COUN­TRY OF DI­A­MONDS AND FOOT­BALL

Beijing (English) - - COLOURFUL WORLD -

Uruguay, of­fi­cially called the Ori­en­tal Repub­lic of the Uruguay, is lo­cated in the south­east­ern part of South Amer­ica, on the eastern shore of the Uruguay River and Río de la Plata River, ad­ja­cent to the South At­lantic, bor­der­ing Ar­gentina and Brazil. It is known as the “Coun­try of Di­a­monds” be­cause of its shape re­sem­bling a gem­stone and its abun­dant amethysts. It is also hailed as “Switzer­land in South Amer­ica” be­cause of its beau­ti­ful nat­u­ral scenery and sta­ble so­cial en­vi­ron­ment. The makeup of Uruguay's pop­u­la­tion re­flects its his­tory as an im­mi­grant coun­try. In ad­di­tion to amethysts, Uruguay is rich in mar­ble, agate, and opals. Other min­eral re­sources in­clude iron and man­ganese. It has rich forestry and fish­ery re­sources as well, es­pe­cially of yel­low croaker, squid and cod.

Uruguay mostly has a flat ter­rain, which is very suit­able for farm­ing. With de­vel­oped agri­cul­tural goods and an­i­mal hus­bandry sec­tors, it has an econ­omy mainly based on ex­port­ing agri­cul­ture, pro­duc­ing and ex­port­ing meat, wool, aquatic prod­ucts, leather and rice. When wars broke out in Eu­rope in early 20th cen­tury, Uruguay ex­ported a wealth of agri­cul­tural prod­ucts to Eu­rope and other re­gions, be­com­ing a rich coun­try in South Amer­ica. To­day, Uruguay's econ­omy is still driven by ex­port agri­cul­ture.

Mon­te­v­ideo, the cap­i­tal, is the po­lit­i­cal, eco­nomic and cul­tural cen­tre of Uruguay, as well as the prin­ci­pal in­dus­trial, fi­nan­cial, trans­porta­tion and port dis­tri­bu­tion cen­tre. Sixty per­cent of the coun­try's pop­u­la­tion and 80 per­cent of in­dus­trial out­put is con­cen­trated in the Mon­te­v­ideo area.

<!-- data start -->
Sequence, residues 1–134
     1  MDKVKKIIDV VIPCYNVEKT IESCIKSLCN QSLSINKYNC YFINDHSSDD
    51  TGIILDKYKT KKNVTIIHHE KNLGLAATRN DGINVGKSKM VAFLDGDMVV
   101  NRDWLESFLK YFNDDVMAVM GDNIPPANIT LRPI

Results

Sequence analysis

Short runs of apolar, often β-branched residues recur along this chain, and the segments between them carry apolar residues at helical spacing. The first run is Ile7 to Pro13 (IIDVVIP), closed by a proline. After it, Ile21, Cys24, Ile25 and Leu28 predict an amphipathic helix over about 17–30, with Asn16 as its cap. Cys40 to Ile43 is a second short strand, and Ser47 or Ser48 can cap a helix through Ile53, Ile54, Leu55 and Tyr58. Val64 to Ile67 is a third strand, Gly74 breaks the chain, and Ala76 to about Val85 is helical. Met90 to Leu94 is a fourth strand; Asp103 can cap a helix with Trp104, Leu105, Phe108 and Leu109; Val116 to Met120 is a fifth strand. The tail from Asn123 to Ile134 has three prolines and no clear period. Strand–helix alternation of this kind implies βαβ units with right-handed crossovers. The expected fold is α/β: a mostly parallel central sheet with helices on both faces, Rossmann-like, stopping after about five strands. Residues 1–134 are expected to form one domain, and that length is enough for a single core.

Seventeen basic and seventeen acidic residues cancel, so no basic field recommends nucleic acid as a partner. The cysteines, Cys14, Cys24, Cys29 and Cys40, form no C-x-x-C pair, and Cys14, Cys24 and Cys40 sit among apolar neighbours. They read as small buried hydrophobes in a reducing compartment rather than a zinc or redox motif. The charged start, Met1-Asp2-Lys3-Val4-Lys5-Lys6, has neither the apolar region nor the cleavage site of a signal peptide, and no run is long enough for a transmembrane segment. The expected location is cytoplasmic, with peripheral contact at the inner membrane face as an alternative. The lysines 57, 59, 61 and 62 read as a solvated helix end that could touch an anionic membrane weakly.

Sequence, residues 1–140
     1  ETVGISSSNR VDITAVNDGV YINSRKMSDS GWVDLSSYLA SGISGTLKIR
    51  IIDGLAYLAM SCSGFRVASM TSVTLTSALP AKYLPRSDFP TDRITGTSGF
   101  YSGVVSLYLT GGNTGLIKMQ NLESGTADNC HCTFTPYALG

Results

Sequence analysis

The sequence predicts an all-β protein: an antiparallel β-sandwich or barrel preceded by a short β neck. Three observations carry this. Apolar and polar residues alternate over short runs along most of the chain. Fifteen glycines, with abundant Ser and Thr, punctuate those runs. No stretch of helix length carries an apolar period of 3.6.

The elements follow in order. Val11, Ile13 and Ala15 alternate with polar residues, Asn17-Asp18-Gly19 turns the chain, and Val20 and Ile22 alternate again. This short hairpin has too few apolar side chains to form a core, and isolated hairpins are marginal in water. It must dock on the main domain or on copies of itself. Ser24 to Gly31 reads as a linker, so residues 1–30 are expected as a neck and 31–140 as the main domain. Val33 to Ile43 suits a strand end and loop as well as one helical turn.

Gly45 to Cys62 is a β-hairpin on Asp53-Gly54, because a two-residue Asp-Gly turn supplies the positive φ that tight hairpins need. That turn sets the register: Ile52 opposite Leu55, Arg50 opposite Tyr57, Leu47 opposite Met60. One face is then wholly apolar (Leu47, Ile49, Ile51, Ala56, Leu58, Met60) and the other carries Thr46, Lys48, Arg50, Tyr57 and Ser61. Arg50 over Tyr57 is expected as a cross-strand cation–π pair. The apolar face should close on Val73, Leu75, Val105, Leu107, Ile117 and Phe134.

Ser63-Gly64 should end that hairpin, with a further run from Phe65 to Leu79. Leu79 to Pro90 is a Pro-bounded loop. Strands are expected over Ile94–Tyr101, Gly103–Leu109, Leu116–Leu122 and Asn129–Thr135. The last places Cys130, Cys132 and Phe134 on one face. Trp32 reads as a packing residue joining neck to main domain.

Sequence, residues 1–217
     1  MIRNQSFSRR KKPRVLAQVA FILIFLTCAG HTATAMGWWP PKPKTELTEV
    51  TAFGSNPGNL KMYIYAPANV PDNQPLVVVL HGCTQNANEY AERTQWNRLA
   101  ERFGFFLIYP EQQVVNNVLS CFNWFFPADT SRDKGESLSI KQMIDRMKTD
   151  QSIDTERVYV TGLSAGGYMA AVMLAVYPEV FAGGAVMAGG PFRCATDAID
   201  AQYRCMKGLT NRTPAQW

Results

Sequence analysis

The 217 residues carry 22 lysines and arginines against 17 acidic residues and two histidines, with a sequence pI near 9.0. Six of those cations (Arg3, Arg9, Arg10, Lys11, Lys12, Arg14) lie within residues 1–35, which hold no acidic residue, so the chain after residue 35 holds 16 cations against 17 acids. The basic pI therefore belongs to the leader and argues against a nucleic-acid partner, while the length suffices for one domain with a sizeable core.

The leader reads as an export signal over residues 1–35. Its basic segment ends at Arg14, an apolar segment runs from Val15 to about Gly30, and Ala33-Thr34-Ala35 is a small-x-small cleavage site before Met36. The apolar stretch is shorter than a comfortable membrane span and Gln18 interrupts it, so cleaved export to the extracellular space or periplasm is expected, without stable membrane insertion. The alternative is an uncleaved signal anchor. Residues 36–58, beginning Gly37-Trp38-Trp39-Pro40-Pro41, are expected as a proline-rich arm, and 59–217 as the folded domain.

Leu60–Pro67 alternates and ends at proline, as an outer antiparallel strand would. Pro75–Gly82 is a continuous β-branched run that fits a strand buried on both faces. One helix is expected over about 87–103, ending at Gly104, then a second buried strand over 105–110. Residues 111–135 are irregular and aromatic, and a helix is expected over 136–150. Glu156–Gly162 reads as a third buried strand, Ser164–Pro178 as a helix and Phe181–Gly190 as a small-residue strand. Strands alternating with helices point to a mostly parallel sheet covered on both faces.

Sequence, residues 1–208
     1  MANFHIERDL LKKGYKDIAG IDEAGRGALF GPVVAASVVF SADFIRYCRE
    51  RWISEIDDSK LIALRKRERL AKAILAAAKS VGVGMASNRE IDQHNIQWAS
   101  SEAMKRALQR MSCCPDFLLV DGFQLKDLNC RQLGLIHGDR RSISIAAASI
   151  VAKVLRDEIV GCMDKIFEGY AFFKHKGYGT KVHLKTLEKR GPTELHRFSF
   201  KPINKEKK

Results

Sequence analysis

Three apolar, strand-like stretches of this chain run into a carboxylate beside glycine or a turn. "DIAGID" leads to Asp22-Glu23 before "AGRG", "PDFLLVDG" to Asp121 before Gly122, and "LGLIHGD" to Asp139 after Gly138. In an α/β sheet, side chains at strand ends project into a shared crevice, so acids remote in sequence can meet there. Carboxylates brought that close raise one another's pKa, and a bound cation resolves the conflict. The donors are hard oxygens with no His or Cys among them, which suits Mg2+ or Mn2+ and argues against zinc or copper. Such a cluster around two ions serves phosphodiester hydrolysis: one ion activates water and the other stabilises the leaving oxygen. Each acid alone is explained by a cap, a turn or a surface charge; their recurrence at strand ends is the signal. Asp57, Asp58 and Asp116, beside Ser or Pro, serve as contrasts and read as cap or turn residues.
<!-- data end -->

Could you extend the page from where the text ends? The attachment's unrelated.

Uruguay's ser­vice sec­tor ac­counts for a high pro­por­tion of the na­tional econ­omy. Fi­nance, tourism, lo­gis­tics and trans­porta­tion are the most im­por­tant in­dus­tries in the sec­tor. The well-de­vel­oped tourism in­dus­try brings un­lim­ited busi­ness op­por­tu­ni­ties to Uruguay, with for­eign tourists mainly from neigh­bour­ing coun­tries such as Ar­gentina, Brazil, Paraguay and Chile. Punta del Este and the cap­i­tal Mon­te­v­ideo are the coun­try's main tourist des­ti­na­tions.

What Uruguayans are most proud of is foot­ball. Foot­ball in Uruguay is highly pop­u­lar, as al­most ev­ery­one can play on the foot­ball pitch. The Uruguayans have al­ways been a fear­some team in South Amer­ica, hav­ing par­tic­i­pated in the FIFA World Cup 12 times pre­vi­ously with its 13th World Cup ap­pear­ance in 2018. The Uruguay team won the cham­pi­onship in the first World Cup in 1930, and was the win­ner again in 1950. It also has been fourth place three times. In the World Cup in 2018, the Uruguayan team, one of the three South Amer­i­can pow­ers, per­formed well. If not for the ab­sence of the main striker Ca­vani Gómez in the quar­ter­fi­nals, there was a pos­si­bil­ity it would win the semi-fi­nals and even the World Cup cham­pi­onship for the third time.

Uruguay's booth at the “Colour­ful World” event vividly dis­played the coun­try's love of foot­ball. Scarves and other foot­ball cul­ture-re­lated prod­ucts were on dis­play. For ex­am­ple, an in­tro­duc­tion about Luis Suarez, who is con­sid­ered one of the best play­ers in the world. Suarez has il­lus­tri­ous achieve­ments. He par­tic­i­pated in the World Cup in South Africa for the first time in 2010 and scored three goals to help Uruguay reach the semi-fi­nals. In 2011, he led Uruguay to win the 43rd Copa América; in 2013, he won the Premier League Golden Boot and the Euro­pean Golden Boot Award; and in this year's World Cup in Rus­sia, he once again par­tic­i­pated in the event on be­half of Uruguay.

“Uruguayan peo­ple love foot­ball. When play­ing foot­ball, we yell ‘Garra Charua' to cheer on our favourite star or team. I hope we pro­mote the Uruguayan foot­ball cul­ture and show the charms of Uruguayan foot­ball through this cul­tural ex­hi­bi­tion,” said Agustina Casavalle, the head of the booth. She added that this year marks the 30th an­niver­sary of the es­tab­lish­ment of diplo­matic re­la­tions be­tween China and Uruguay.

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